IAF officer alleges she was subjected to two-finger test. What does Supreme Court say?
A woman officer of the Indian Air Force (IAF) has accused her colleague of rape and alleged she was subjected to an illegal two-finger test to confirm the sexual assault, which has prompted the National Commission for Women (NCW) to say it violated a Supreme Court ruling as well as her right to privacy and dignity.NCW Chairperson Rekha Sharma has also written to the IAF air chief marshal to take necessary steps and impart the necessary knowledge to the force’s doctors about the prevailing government guidelines and the Indian Council of Medical Research in 2014 terming the two-finger test unscientific. "The National Commission for Women is utterly disappointed and strongly condemns the action of Indian Air Force doctors conducting the banned two-finger test on the victim, thereby violating the Supreme Court's decision and also violating the right to privacy and dignity of the victim," the commission said reacting to a media report.
The 28-year-old woman officer, who was allegedly raped on the Air Force Administrative College campus in Tamil Nadu’s Coimbatore district, has said that she was made to "relive the trauma". “Only later did I find out that the two-finger test is not supposed to be done for a rape exam. This action made me nauseous enough to relive the trauma of being raped,” according to the first information report (FIR) she filed with the Tamil Nadu Police on September 20.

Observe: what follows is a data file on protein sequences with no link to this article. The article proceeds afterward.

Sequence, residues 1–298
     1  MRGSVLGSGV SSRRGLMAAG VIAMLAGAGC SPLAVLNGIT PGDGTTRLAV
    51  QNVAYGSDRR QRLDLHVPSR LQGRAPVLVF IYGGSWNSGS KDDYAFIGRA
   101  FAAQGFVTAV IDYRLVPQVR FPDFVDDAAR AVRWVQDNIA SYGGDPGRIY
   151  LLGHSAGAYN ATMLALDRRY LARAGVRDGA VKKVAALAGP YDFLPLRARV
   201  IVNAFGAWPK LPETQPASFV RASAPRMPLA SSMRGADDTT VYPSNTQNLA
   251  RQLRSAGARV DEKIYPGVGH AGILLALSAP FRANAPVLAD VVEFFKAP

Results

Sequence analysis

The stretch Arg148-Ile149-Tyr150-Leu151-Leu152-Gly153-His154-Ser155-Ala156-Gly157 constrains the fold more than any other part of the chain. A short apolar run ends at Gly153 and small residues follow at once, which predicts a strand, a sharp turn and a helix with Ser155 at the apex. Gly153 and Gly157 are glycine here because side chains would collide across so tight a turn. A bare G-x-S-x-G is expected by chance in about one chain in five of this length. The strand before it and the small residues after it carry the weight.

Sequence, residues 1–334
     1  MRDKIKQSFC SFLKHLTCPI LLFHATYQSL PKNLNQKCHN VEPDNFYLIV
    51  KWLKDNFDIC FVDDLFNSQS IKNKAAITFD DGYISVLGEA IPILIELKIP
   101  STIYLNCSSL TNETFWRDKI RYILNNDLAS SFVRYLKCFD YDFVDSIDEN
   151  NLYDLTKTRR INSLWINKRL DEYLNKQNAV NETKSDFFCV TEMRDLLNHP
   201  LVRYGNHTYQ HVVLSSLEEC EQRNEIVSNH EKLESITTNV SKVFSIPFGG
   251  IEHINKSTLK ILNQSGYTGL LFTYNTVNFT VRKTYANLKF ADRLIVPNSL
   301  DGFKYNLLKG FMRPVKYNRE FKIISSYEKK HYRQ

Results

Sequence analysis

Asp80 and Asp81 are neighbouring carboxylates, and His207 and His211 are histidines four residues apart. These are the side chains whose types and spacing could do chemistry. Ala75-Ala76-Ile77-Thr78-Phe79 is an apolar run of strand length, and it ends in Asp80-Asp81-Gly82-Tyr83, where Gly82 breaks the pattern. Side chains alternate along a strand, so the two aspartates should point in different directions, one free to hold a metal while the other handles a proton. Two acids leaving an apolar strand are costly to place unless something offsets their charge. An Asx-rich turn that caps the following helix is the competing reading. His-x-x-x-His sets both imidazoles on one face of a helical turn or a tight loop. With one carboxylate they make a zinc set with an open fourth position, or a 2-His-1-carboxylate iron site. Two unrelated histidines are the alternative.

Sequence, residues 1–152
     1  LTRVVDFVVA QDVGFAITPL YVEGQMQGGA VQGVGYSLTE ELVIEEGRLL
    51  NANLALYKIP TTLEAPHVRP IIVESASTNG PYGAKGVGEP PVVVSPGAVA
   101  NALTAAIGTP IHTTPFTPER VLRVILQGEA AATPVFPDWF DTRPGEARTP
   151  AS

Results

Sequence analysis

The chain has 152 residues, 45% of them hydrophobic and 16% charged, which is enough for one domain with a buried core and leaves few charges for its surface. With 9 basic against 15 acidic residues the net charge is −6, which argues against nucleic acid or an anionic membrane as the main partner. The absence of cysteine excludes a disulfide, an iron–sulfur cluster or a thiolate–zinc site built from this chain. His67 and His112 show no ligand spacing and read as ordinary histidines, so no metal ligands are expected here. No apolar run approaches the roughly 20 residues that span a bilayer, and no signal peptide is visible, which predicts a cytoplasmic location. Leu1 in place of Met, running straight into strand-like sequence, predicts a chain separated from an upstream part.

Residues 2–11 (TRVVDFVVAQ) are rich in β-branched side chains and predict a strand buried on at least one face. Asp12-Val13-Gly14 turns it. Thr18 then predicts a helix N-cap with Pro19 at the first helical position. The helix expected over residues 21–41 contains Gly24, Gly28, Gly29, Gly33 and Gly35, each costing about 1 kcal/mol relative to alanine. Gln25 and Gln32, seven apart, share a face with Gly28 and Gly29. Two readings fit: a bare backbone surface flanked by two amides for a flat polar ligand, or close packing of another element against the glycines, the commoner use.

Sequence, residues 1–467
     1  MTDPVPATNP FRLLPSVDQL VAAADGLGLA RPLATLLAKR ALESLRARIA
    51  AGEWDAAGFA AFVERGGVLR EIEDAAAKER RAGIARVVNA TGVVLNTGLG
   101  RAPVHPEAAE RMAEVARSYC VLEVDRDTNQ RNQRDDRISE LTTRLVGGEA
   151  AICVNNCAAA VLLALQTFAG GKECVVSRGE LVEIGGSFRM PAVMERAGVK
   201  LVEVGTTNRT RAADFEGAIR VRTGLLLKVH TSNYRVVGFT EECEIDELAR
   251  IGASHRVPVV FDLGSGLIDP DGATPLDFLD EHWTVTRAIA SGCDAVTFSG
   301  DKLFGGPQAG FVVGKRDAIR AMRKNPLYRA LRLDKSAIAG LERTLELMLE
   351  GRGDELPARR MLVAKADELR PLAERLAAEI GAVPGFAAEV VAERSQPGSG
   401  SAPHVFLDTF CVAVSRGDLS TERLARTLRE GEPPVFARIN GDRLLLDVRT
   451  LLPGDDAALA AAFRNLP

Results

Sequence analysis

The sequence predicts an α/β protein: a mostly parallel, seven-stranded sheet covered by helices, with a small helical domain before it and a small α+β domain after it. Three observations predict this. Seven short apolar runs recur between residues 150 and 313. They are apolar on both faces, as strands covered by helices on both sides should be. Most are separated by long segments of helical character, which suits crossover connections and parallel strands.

The controversial “per vaginal” or the two-finger test test involves a doctor inserting two fingers in the vagina of a rape survivor to detect if the hymen is present or not, and the vagina’s size and laxity. Doctors also check how habituated the woman who has been raped is to sexual intercourse and her sexual history.
In 2013, the Supreme Court held that the two-finger test on a rape victim violates her right to privacy, and asked the government to provide better medical procedures to confirm sexual assault. A bench of Justice BS Chauhan and Justice FMI Kalifulla said even if the report of the two-finger test is affirmative, it cannot give rise to the presumption of consent on part of a rape victim.
“Undoubtedly, the two-finger test and its interpretation violate the right of rape survivors to privacy, physical and mental integrity and dignity. Thus, this test, even if the report is affirmative, cannot ipso facto, be given rise to thepresumption of consent,” the bench said.
The judges said rape survivors are entitled to legal recourse that does not violate their physical or mental integrity and dignity as they referred to various international covenants. “Medical procedures should not be carried out in a manner that constitutes cruel, inhuman or degrading treatment and health should be of paramount consideration while dealing with gender-based violence,” it said.
“The state is under an obligation to make such services available to survivors of sexual violence. Proper measures should be taken to ensure their safety and there should be no arbitrary or unlawful interference with her privacy,” the bench said.
The top court said that rape survivors are entitled to legal recourse that does not re-traumatise them or violate their physical or mental integrity and dignity. “They are also entitled to medical procedures conducted in a manner that respects their right to consent,” it said.
(With agency inputs)